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How Does Sumo Affect Site Performance?

Email Marketing

Newton’s third law states that for every action, there is an equal and opposite reaction. A version of this applies to any UX/UI tweak you make to your website – for every action you take, there may be an opposite (and undesirable) reaction.

One of the most common arguments against using the various email optin tools that Sumo offers is that while it may increase your number of emails, the resulting anger that it may cause means you get higher bounce rates, lower pages per user, less sharing, and worst of all, decreased revenue. People dismiss it as making your site “more annoying.”

Thankfully, I had the site traffic to run my very own Sumo performance review on my site.

Where We’re Testing

Screenshot showing google search results

One of the sites I own is Examine.com. We analyze and summarize scientific research in nutrition and supplementation. We’re a pretty popular site (~50,000 people visit us every day), and we tend to be very nerdy (according to BuzzSumo, our most shared article in the past year was a study analysis – Really-low-fat vs somewhat-lower-carb – a nuanced analysis).

We had Sumo off for exactly 7 days, allowing us to compare 7 days on with 7 days off (immediately afterwards). The entire cohort was almost 750,000 visitors.

What We Tested

What we tracked for this performance review:

  • Pageviews per person
  • Average session duration
  • Bounce Rate
  • Emails collected
  • Revenue generation
  • Facebook Shares
  • Twitter Shares

The first three (pageviews per session, average session duration, and bounce rate) we got via Google Analytics.

Emails collected and revenue generation was through our backend, Facebook shares was done via our own backend script (since we only have ~500 pages, it’s easy to ping Facebook’s OpenGraph every day), and Twitter shares we just added up manually.

I can also state that there was no random event (for example, going viral on reddit or having a major influencer share our content) that would impact the findings.

What we disabled was the Welcome Mat, List Builder, and the Scroll Box. Our regular in-content opt-ins remained.

The basic investigation was – “if we make our site ‘less annoying,’ will that improve on-site metrics, revenue, and shares?”

Here’s what we found:

Screenshot showing google search results

Pages / Session:

GA reported that disabling Sumo actually decreased pages/session 0.37% – from 1.78 pages/session to… 1.78 pages/session.

Result: Not much difference

Average Session Duration:

GA again reported that disabling Sumo actually decreased the average session duration 0.47% – from 98 seconds to… 98 seconds.

Result: Not much difference

Bounce Rate:

Finally – a negative result. Disabling Sumo decreased the bounce rate by 1.29% – from 67.79% to 66.66%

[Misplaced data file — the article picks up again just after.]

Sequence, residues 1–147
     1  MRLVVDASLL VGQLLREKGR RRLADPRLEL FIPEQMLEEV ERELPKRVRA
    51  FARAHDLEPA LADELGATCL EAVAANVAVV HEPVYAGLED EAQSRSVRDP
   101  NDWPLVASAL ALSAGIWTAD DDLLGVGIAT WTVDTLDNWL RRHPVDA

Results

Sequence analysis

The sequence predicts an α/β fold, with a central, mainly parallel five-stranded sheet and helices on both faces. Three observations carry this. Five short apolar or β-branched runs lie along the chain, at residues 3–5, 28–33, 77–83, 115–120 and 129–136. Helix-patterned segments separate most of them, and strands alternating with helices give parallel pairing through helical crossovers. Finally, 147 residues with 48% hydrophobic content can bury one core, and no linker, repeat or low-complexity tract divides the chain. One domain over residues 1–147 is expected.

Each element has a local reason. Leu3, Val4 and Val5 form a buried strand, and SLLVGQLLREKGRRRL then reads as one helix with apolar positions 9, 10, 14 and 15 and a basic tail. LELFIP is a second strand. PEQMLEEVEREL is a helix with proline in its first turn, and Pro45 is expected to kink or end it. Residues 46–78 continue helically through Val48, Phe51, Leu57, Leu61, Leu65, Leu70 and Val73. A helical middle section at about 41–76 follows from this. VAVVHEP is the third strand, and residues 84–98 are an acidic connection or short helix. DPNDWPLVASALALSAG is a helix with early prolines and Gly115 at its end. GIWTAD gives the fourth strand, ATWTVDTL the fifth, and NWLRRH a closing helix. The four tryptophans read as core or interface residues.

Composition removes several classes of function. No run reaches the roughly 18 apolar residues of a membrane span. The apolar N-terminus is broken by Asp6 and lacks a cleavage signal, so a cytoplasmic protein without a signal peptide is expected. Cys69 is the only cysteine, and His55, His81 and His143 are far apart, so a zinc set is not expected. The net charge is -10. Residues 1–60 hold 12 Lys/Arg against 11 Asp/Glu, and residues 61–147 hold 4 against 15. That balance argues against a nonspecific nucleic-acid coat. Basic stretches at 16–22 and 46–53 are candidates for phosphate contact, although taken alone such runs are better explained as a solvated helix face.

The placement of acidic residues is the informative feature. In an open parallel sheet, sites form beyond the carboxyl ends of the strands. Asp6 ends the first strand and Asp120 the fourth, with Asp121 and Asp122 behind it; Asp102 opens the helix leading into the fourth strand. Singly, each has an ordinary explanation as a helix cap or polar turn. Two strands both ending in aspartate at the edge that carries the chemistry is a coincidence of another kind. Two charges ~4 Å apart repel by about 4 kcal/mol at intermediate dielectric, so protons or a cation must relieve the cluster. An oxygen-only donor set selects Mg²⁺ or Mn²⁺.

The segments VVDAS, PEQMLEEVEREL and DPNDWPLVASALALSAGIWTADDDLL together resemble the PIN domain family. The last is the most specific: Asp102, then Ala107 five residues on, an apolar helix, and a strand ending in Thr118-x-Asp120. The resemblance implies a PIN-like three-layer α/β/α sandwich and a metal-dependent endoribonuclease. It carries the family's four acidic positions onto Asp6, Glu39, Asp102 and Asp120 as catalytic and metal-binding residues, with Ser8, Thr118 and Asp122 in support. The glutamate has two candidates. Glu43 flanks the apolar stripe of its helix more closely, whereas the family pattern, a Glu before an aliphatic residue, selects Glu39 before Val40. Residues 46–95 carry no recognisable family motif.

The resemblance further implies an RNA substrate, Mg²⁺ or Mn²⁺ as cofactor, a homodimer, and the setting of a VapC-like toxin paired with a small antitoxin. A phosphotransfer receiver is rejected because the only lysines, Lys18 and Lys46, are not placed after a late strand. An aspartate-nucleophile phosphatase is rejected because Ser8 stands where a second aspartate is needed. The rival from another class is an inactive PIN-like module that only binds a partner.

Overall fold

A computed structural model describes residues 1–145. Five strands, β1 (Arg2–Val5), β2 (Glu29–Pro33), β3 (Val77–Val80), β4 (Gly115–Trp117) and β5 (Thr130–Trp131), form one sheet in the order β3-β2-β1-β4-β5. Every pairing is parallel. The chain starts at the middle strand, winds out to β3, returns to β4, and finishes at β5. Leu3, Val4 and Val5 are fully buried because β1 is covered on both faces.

Result: Slightly improved bounce rate without Sumo

Emails collected:

Screenshot showing google search results

Ouch. A devastating loss of 78.7% by removing Sumo. We went from collecting 258 emails a day to 55.

Considering we sell just information and how email marketing is the backbone (see how we segmented 6000 emails to generate over $100k), this was an expensive test.

Result: Devastating loss without Sumo

Revenue Generation:

Screenshot showing google search results

To be more clear, we wanted to see if the revenue we generated from people clicking links on the site itself (ignoring email) was impacted at all by making the site “less annoying.”

The end result was negligible – click thru rate to the sales pages went up by 2% and sales went up 1%. Since we did not hit 500 transactions (but we did hit 500+ clicks), an educated guess would be that the impact on sales was negligible.

On the other hand, the massive decrease in email optins had a very large impact on revenue.

Result: Negligible improvement in direct revenue from website (coupled with massive loss in revenue via email sequence)

Facebook Shares:

Screenshot showing google search results

Because of how much flux there is in Facebook Shares (due to influencers), this one can spike easily from one week to another.

Disabling Sumo had a slight increase in Facebook shares of 2.3% – we went from 89 likes a day to 91 a day.

Result: negligible improvement without Sumo

Twitter Shares:

Screenshot showing google search results

We get anywhere from 3-6 mentions a day on twitter for Examine.com.

Our twitter shares actually went down 9.1% – from 33 in a week to 30. Considering the low numbers in the first place, this is a negligible result

Result: negligible decrease without Sumo

Sumo Performance Review: Conclusion

Our investigation was to look at three key areas (on-site metrics, revenue, and shareability). For on-site and shareability, disabling Sumo had a negligible impact. On the other hand, the negative impact on revenue was significant.

To answer our original investigation – even if Sumo is perceived as “annoying,” it had no impact in on-site metrics, revenue, and shareability.

It’s a no-brainer to utilize Sumo to collect more emails.


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